Chatterbox's feelings are hurt. A reader from AOL suggests that Chatterbox should feel ashamed for "playing the bass drum in the Washington Media Marching and Chowder Society Lynching Band." What a vicious canard. Chatterbox never wanted to be a drummer like Ringo. He dreamed of having real musical talent like John, Paul, and George.
But on a serious level, Chatterbox would be far happier if Bill Clinton were testifying before a grand jury about the 1996 campaign fund-raising scandals. Far more than either Whitewater or Flytrap, the Clinton team's willingness to bend, if not break, the law in the quest of a re-election rout of Bob Dole remains the true moral nadir of this administration. And, please, don't claim that the Republicans did it too. George Bush, facing political defeat in 1992, never used the powers of the presidency in the cynical pursuit of soft money with anything like the fervor of the 1996 Clinton campaign.
Confronted with evidence of suspicious White House favor trading, Clinton reacted with the same pattern of dissembling and evasions that have characterized Flytrap. The White House spin machine went into overdrive to discredit Fred Thompson's 1997 Senate investigation. Only because a hapless and stubborn Janet Reno has so far refused to appoint an independent counsel are our attentions riveted on such high-minded topics as the semen-stained dress.
That's why Chatterbox will derive some private satisfaction from any public humiliation that the president faces this week over Monica Lewinsky. Cartoonist Jules Feiffer has astutely dubbed Clinton "President Houdini." If Clinton somehow miraculously beats this rap, future presidents will all use his stonewalling strategy as a game plan for dousing future scandals. What's at stake this week is nothing less than our chances of having another president who, to paraphrase Jimmy Carter, will "never lie to the American people."
Once the president testifies, Chatterbox assumes that the White House will resume its holy war against Kenneth Starr. They will point to the collusion between Starr and Paula Jones' lawyers as evidence that Flytrap was nothing more than a "sting" operation aimed at the president. They will talk about how demeaning it is for Clinton to be repeatedly forced to testify under oath about his extra-curricular sex life.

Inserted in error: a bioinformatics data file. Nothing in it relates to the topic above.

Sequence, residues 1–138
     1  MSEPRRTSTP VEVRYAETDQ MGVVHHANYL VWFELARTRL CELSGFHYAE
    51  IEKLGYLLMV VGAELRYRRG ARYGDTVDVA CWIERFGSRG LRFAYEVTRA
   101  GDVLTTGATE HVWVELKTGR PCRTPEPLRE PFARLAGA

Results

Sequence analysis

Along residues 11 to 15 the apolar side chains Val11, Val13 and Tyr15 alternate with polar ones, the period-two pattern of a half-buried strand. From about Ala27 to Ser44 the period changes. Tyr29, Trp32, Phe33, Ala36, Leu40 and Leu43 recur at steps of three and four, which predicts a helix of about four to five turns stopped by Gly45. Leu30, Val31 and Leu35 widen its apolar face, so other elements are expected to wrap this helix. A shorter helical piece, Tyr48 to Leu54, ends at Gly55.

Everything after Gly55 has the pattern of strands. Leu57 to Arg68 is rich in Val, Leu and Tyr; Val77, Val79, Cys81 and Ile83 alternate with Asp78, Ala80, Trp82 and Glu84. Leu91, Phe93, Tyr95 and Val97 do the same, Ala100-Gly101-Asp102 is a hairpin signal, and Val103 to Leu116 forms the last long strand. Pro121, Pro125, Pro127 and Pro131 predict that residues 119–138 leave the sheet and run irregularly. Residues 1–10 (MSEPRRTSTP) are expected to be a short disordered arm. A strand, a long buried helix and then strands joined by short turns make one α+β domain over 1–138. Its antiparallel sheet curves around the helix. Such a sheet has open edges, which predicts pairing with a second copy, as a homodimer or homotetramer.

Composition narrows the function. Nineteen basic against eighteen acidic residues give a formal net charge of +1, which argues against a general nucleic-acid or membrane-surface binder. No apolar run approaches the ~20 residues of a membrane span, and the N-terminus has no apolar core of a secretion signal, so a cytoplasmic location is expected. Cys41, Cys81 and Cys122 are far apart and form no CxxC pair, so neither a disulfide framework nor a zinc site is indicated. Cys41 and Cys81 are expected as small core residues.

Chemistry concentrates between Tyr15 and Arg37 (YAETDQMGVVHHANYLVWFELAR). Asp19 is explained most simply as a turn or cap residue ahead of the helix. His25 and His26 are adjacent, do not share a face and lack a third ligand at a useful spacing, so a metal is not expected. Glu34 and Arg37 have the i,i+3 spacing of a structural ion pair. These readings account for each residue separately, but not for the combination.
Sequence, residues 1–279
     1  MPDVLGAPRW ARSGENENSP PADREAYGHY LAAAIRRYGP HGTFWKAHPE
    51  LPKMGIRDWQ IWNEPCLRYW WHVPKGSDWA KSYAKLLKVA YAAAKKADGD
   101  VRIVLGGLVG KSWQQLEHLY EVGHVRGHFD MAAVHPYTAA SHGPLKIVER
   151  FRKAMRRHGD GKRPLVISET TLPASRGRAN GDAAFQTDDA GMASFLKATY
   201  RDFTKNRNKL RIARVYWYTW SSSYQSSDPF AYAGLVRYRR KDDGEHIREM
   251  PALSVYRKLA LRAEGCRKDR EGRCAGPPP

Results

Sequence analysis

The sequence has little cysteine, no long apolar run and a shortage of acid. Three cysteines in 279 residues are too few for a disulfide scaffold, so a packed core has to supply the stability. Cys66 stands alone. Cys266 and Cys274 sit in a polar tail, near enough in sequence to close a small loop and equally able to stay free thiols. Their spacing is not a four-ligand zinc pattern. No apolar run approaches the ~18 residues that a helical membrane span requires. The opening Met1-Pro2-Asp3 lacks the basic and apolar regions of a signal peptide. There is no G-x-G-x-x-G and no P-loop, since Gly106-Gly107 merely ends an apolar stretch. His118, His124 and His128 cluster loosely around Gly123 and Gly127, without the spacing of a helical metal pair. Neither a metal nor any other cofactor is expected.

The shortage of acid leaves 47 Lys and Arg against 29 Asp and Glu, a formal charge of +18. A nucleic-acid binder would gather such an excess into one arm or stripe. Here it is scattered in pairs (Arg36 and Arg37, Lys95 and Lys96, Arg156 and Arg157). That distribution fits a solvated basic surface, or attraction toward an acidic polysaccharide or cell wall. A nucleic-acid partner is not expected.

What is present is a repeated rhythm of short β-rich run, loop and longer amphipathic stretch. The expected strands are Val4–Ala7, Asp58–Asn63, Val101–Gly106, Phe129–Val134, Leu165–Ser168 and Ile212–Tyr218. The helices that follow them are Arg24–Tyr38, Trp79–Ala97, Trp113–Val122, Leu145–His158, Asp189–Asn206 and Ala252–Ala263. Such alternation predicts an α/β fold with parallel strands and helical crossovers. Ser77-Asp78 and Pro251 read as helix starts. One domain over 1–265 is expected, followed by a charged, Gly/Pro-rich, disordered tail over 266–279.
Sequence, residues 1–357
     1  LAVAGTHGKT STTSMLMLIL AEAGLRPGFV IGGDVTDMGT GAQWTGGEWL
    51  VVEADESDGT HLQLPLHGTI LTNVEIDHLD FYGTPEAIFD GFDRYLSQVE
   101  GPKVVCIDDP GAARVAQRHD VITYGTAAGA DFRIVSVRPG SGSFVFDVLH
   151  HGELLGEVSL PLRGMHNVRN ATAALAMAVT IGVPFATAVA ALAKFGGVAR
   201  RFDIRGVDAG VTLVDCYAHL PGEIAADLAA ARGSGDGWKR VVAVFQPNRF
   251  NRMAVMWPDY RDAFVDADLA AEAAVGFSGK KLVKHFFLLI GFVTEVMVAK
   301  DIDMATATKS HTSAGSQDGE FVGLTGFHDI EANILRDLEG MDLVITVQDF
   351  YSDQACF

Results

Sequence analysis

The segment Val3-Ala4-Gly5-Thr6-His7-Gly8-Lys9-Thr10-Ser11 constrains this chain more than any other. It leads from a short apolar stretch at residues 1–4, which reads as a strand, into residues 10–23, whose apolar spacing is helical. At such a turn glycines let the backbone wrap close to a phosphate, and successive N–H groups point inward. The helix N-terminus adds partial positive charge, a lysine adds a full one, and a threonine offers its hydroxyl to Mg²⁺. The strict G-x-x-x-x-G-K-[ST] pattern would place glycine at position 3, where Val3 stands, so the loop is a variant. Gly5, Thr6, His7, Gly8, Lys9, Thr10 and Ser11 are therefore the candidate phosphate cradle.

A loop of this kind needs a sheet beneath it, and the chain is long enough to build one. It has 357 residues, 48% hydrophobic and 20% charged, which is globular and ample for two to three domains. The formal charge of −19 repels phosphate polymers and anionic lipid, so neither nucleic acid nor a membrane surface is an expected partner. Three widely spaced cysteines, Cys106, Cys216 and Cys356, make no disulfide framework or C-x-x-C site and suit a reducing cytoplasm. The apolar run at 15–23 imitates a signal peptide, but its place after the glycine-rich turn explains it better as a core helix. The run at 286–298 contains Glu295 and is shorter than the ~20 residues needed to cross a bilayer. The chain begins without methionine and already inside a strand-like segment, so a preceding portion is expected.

There's only one problem with this scenario: Even without Paula Jones and Starr, Chatterbox believes that Madcap Monica would have gone public by now with the story of her sexual romps with the president. Had Monica--and not Linda Tripp or Lucianne Goldberg--approached her favorite magazine, Vanity Fair, with her grab bag of evidence of a close personal relationship with Clinton (the gifts, the answering machine tapes, etc.), it is quite likely they would have published.
Remember that Marcia Lewis, Monica's role model of a mother, brazenly hinted at a sexual escapade with Placido Domingo to hype her book on the Three Tenors. Reticence clearly runs in the family. The oft-forgotten Linda Tripp tape that was played for U.S. News & World Report is ripe with indications of Monica's desperate mood in October 1997. At one point Lewinsky is so enraged at the her neglect by the Big He that she declares, "He is a shit. I want to kick him in the balls so that they turn into two flat pancakes."
Could Clinton have bought Monica's silence? The administration certainly tried in the months before Jones' lawyers learned of her existence. But in October 1997, Lewinsky rejected the offer of a job in New York with UN Ambassador Bill Richardson. She was holding out for something far better--and there is no indication that she would have gotten it without the Paula Jones case. Only after Clinton's lawyers were informed in early December that Lewinsky was to be deposed did Vernon Jordan gear up his selfless private-sector job-creation efforts. He quickly arranged job interviews for her at Burson-Marsteller and American Express. But the real lure (free cosmetics?) of a job at Revlon didn't materialize until Lewinsky made threats that she wouldn't file her deny-all affidavit in the Jones case.
Monica was too garrulous and too eager for the limelight to keep her secret for long. (Recall all the confirming witnesses who have appeared before Starr's grand jury to recount that Lewinsky told them of her activities with the president). None of this, of course, would have led to the president facing a grand jury. But Chatterbox believes that this would have been Monica's summer in the sunlight glare of publicity even if Starr had taken that job at Pepperdine. In the end, as hard as it is for the president's dogged defenders to accept, Bill Clinton would have no one to blame but himself.